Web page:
I have been extremely negative on the UK for a long time, in particular on the currency and I see nothing now to change my mind. May’s Brexit negotiating position never made any sense to me (https://appliedmacro.com/2017/05/04/what-game-are-brexiteers-playing/) and it remains unclear.  Her position, to stay stubbornly unreasonable, and then the EU will be forced to give in. A different character might be chastened by this election and move to a more centrist negotiating position, but that does not seem to be in her dogmatic manner.
After this election , a veneer of bravado may remain over what seems an ever more chaotic position but this may be a catalyst for more rapid problems in financial markets.

Fiscal transfers within a country

The ONS has calculated an estimate of the fiscal transfers within the UK for the first time. It shows that London and the South East generate more tax revenue than they receive in government spending, whilst other regions are significant net beneficiaries.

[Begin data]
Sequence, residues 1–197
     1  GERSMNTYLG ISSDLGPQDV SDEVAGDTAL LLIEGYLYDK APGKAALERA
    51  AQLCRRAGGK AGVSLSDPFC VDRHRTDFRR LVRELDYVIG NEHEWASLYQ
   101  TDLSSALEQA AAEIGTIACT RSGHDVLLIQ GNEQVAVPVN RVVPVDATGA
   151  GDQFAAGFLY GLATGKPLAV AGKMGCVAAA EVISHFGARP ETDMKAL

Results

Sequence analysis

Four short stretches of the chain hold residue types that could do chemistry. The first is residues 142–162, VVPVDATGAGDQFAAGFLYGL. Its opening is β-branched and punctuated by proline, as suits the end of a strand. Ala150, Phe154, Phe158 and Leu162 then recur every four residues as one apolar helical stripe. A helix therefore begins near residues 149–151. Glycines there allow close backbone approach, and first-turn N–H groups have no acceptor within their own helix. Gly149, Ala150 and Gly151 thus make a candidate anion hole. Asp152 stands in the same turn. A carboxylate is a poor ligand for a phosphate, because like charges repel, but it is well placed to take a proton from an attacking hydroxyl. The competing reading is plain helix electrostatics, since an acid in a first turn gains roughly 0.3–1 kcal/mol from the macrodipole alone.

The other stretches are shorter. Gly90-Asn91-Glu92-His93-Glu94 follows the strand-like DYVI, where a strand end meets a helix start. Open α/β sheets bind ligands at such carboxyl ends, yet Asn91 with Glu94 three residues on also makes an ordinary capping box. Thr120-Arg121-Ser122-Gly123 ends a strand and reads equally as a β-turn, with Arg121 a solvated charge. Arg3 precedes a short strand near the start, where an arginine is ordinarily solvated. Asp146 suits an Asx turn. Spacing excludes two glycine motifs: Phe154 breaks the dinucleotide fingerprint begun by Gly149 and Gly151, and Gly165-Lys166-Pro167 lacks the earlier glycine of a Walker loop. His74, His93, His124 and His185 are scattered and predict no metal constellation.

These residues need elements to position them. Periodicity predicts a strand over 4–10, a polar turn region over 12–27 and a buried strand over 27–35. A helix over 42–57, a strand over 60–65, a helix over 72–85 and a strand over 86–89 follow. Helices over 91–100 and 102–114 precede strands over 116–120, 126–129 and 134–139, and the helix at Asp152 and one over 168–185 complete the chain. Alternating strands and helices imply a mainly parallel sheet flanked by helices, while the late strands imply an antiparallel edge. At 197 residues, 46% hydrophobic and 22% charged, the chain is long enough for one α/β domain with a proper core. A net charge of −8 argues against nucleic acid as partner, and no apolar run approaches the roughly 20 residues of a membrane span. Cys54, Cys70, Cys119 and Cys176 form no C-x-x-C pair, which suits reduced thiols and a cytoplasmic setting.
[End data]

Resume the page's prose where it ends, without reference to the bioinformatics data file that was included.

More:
What I find important is not the numbers themselves which are entirely unsurprising, it is the fact they were calculated and published at all. Fiscal transfers within a nation state are a key feature of a stable society. If people begin to associate themselves with a region, rather than the overall country, then the cohesion of the country is called into question.

The move towards devolution of power within the UK has been growing, with mayors, local powers and of course the devolved administrations such as the Scottish parliament. The evidence so far is that granting more powers to the regions of the UK will not satisfy the desire for autonomy, In fact, it reinforces the sense of a separate identity. Publication of figures like those above works to further emphasise our differences.


Comparison to the US and the EU

To get a sense for how important fiscal transfers are to the cohesion of a state, this comparison between the US and the EU is striking. Each blue dot is a EU country, each red dot is a US state. I have used the same scale in both charts to make the differences in the dispersion clear.